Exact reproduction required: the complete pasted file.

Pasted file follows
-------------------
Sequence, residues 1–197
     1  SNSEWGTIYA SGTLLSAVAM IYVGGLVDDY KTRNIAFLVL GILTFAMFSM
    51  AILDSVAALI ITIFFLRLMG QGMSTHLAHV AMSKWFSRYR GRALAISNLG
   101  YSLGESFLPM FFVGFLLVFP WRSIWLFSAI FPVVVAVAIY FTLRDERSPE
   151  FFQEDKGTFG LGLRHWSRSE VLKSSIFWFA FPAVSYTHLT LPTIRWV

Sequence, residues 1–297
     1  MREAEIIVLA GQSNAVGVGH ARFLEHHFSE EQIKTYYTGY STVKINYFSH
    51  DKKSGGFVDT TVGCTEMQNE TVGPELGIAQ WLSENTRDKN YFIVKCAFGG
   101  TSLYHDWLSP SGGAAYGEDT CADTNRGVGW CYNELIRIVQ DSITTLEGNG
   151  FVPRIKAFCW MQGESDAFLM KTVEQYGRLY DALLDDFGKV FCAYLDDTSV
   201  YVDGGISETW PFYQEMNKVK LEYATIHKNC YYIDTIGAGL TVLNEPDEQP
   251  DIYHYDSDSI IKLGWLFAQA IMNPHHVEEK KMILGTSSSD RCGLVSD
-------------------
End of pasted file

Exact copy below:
Sequence, residues 1–197
     1  SNSEWGTIYA SGTLLSAVAM IYVGGLVDDY KTRNIAFLVL GILTFAMFSM
    51  AILDSVAALI ITIFFLRLMG QGMSTHLAHV AMSKWFSRYR GRALAISNLG
   101  YSLGESFLPM FFVGFLLVFP WRSIWLFSAI FPVVVAVAIY FTLRDERSPE
   151  FFQEDKGTFG LGLRHWSRSE VLKSSIFWFA FPAVSYTHLT LPTIRWV

Sequence, residues 1–297
     1  MREAEIIVLA GQSNAVGVGH ARFLEHHFSE EQIKTYYTGY STVKINYFSH
    51  DKKSGGFVDT TVGCTEMQNE TVGPELGIAQ WLSENTRDKN YFIVKCAFGG
   101  TSLYHDWLSP SGGAAYGEDT CADTNRGVGW CYNELIRIVQ DSITTLEGNG
   151  FVPRIKAFCW MQGESDAFLM KTVEQYGRLY DALLDDFGKV FCAYLDDTSV
   201  YVDGGISETW PFYQEMNKVK LEYATIHKNC YYIDTIGAGL TVLNEPDEQP
   251  DIYHYDSDSI IKLGWLFAQA IMNPHHVEEK KMILGTSSSD RCGLVSD